Research

Iowa State University scientists have harnessed data analytics to look “under the hood” of the mechanisms that determine how genetics and changing environmental conditions interact during crucial developmental stages of plants.

Robert Horton, who holds the Charles F. Curtiss Distinguished Professorship in Agriculture and Life Sciences in agronomy at Iowa State University, is one of the senior scientists recognized by USDA with its national Multistate Research Excellence Award for 2021 for his part in the long-running project, “Soil, Water and Environmental Physics to Sustain Ag and Natural Resources.”

The multistate project, better known among researchers as W4188, is an initiative whose representatives come from more than 24 research institutions across the country. They collaborate to better understand how heat, water, energy and nutrients move through and interact with soil.

In March of 2021, a decade of hard work and persistence paid off as Katherine Frels moved back to Lincoln and into the field, not as a graduate student but as the first female small grains breeder in University of Nebraska history.

An Iowa State University study looking at the impacts of soil disturbance and early remediation practices from construction of the Dakota Access Pipeline finds significant soil compaction and gradual recovery of crop yield in the right-of-way over five years.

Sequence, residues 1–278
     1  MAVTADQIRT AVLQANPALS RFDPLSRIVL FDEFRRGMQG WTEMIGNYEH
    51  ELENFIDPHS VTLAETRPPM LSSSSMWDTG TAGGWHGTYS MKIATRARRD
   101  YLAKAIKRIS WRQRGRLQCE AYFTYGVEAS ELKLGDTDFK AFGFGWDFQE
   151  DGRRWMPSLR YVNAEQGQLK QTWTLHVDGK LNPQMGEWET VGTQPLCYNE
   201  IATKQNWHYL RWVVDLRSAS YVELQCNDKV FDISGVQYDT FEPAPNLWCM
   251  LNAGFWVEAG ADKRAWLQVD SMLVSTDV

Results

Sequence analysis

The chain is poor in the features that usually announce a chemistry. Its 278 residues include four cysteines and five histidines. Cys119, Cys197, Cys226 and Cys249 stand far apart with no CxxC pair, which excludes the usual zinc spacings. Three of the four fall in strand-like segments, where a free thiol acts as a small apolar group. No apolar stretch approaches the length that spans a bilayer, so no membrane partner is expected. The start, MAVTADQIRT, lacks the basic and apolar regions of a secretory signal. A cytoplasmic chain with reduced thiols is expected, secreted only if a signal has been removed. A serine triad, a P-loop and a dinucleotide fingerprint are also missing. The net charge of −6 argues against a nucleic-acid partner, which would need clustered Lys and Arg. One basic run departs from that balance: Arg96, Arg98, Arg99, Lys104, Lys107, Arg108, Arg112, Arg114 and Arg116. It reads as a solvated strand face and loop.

Led by Mehari Tekeste, our Robert Horton, agronomy soils faculty and Elnaz Ebrihimi, agronomy lecturer were also involved in the project.

Poorly drained agricultural soils emit enough of the greenhouse gas nitrous oxide that the resulting climate change effects could far exceed the benefits of using the same soils as a means of sequestering carbon, according to a recently published scientific study.

The study, published Monday in the academic journal Proceedings of the National Academy of Sciences, found that a range of agricultural soils produce nitrous oxide emissions in quantities big enough to contribute to climate change. The researchers compared soils with various moisture content and found agricultural soils are capable of high nitrous oxide emissions across a wide range of environmental conditions.

Etori Soares Veronezi
Etori Soares Veronezi

The College of Agriculture and Life Sciences Department of Agronomy is hosting undergraduate student interns for a 4-month program at Iowa State University. Etori Soares Veronezi and Luiz Felipe Cruz Silva Fortes are visiting from the Universidade de São Paulo (USP) in Brazil with studies in agronomic engineering under the guidance of Dr. Sotirios Archontoulis, Associate Professor.

Iowa State University scientists, including our Dr. Ken Moore, are developing new approaches to cover crops that incorporate perennial groundcovers, a development that could break down barriers keeping farmers from adopting the cover cropping more widely.

Iowa State University scientists are leading an effort to improve efficiency and genetics in organic corn production, a fast-growing sector of the agricultural world since the beginning of 2020.

Thomas Lübberstedt, a professor of agronomy at Iowa State, leads a research team aiming to develop new lines of corn that take advantage of recent advancements in crop genetics that also can be grown according to organic standards. The research team recently received a $1.4 million grant from the U.S. Department of Agriculture’s National Institute of Food and Agriculture to apply genetic tools to the development of organic sweet corn and varieties of corn for specialty uses, such as for popcorn and tortillas.

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